Lawyers to probe Edinburgh school racism claims
Claims from students experiencing racism at St Augustine’s High School, which include accounts of being called “monkey” and “slave” by teachers, has led to a formal investigation being launched by Edinburgh City Council.
Now the Evening News can reveal that one of the biggest law firms in the Capital, Shepherd & Wedderburn, has been drafted in to help advise by the local authority.
Former pupil Miguel Chui, 19, collated and sent independent testimonies to the council’s Executive Director of Communities and Families Alistair Gaw on June 22, 2020.
Mr Gaw has now responded to these allegations in a letter, sent on July 13, 2020, which confirms that the school will be formally investigated next month.
He wrote: “I can now advise that the council will appoint an external law firm to investigate these matters. The appointed law firm will have expertise in conducting such investigations and in relation to equalities legislation and practice.
“This approach will ensure that the matters are investigated independently and forensically.”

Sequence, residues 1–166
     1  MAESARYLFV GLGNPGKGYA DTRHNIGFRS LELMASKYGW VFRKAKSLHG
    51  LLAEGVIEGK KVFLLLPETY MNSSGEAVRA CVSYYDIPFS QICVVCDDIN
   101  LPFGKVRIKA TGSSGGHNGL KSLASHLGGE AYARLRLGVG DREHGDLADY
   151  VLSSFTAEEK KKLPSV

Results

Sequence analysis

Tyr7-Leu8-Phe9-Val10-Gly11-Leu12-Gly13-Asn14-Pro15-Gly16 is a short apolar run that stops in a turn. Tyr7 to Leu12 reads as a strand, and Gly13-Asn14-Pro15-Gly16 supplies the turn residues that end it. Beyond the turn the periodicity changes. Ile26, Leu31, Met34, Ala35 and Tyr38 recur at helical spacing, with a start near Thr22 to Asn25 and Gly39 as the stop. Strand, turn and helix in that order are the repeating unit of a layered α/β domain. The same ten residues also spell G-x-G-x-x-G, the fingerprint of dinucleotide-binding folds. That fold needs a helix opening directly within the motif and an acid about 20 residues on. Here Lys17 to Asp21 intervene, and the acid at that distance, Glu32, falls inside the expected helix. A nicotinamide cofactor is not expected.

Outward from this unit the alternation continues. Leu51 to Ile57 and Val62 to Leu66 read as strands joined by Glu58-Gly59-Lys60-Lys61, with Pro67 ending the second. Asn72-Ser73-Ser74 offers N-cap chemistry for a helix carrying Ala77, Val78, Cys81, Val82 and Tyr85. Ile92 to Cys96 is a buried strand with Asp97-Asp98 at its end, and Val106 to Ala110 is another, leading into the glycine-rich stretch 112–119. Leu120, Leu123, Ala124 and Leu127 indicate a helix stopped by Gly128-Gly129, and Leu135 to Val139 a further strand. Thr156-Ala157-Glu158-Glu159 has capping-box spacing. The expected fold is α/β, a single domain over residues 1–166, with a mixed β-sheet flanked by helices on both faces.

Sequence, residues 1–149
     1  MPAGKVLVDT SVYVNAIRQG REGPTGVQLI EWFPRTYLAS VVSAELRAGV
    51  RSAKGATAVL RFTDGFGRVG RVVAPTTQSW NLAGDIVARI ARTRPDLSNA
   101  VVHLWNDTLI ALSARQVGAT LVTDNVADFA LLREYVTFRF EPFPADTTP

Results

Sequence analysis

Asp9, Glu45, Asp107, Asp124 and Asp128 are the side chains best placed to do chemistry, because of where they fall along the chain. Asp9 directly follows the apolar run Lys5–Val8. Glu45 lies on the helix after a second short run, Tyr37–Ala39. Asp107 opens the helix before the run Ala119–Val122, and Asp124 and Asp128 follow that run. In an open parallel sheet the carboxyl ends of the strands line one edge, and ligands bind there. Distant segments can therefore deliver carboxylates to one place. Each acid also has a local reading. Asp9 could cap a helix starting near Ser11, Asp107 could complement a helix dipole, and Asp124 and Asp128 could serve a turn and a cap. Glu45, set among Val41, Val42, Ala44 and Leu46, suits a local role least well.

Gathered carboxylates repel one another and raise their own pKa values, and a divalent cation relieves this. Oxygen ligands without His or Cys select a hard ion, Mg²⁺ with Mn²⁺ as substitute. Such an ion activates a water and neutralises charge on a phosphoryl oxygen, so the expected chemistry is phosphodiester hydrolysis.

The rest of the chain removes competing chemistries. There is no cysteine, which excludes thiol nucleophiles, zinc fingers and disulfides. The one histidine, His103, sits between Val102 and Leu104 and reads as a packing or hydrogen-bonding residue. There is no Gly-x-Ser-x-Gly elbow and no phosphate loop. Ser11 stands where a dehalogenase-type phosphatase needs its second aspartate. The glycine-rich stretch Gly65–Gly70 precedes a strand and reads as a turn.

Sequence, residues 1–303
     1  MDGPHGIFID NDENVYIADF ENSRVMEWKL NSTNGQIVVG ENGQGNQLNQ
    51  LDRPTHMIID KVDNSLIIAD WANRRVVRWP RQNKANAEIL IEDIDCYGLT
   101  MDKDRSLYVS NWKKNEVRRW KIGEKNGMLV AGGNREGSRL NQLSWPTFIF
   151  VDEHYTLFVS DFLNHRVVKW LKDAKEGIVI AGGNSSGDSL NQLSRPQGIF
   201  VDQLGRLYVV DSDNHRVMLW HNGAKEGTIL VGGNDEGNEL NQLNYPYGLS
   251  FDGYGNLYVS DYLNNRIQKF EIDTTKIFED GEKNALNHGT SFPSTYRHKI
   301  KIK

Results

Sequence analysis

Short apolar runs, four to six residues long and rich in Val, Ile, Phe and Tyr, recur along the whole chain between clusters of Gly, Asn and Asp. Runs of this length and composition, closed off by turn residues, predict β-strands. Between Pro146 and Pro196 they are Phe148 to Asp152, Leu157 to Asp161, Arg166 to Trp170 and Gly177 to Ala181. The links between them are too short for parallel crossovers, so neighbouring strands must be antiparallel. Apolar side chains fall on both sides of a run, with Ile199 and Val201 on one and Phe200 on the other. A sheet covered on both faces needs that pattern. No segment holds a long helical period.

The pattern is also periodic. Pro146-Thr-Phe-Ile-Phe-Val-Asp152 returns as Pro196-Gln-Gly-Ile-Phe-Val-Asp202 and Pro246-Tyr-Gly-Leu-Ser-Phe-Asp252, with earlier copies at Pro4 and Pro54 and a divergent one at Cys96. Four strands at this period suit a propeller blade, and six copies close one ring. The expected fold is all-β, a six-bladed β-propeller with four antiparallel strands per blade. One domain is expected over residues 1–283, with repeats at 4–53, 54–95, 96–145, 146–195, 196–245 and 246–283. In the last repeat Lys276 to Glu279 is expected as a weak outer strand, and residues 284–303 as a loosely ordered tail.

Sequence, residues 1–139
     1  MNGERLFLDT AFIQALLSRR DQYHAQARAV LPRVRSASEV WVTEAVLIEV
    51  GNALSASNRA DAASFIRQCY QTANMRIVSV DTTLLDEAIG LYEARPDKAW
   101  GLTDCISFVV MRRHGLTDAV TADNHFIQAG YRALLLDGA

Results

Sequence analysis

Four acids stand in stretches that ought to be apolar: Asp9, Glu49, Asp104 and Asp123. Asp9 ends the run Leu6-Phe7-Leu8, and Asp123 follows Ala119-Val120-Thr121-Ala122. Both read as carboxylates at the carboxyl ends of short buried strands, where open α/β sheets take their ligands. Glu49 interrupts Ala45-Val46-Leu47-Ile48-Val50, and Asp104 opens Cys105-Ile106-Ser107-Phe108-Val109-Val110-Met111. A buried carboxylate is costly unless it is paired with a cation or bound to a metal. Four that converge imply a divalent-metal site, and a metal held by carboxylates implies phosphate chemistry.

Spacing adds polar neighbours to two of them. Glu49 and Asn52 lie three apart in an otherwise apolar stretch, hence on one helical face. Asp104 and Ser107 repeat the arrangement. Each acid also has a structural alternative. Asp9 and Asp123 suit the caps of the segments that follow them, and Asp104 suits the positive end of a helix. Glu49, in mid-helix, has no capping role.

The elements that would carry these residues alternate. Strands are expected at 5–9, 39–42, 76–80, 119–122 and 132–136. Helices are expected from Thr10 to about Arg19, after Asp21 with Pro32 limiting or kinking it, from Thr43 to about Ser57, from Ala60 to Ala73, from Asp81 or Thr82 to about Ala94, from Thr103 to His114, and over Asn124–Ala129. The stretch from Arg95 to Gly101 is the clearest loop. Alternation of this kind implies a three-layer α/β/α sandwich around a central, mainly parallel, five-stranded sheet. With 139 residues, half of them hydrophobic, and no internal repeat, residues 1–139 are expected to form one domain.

Mr Gaw went on to say that the process of appointing a law firm has already started and they expect the investigation to begin “no later than early-August”.
While Mr Chui welcomed this development the campaigning teenager is also frustrated by the contradictory information he has been given about the planned inquiry at the school.
He said: “Over the past month, I’ve been told by council officials that they are urgently investigating the allegations when in fact they haven’t even started the investigation.”
The Edinburgh University law student added that he has “no faith” that the council would have responded to the allegations he brought forward if the issue had not been reported by the press.
Since the allegations were published in the Evening News on July 6, 2020, six further pupils from St Augustine’s have come forward with their experiences of racism, saying they felt empowered by other pupil’s bravery.
Mr Chui said: “I hope the investigation will lead to accountability for staff members who have gotten away with years of racial abuse against young people. The trauma caused by years of constant discrimination cannot be overstated.
“I hope this investigation will send out a very clear message to members of the teaching profession: ‘If you step out of line, you will be brought to book and racism has no place in Scotland, be it in education or elsewhere’.”
A council spokesperson said: “As a council we treat allegations of racism very seriously and the council is launching an investigation across the relevant schools. Shepherd & Wedderburn has been appointed to offer expert assistance to us and BAME experts on the investigation going forward.”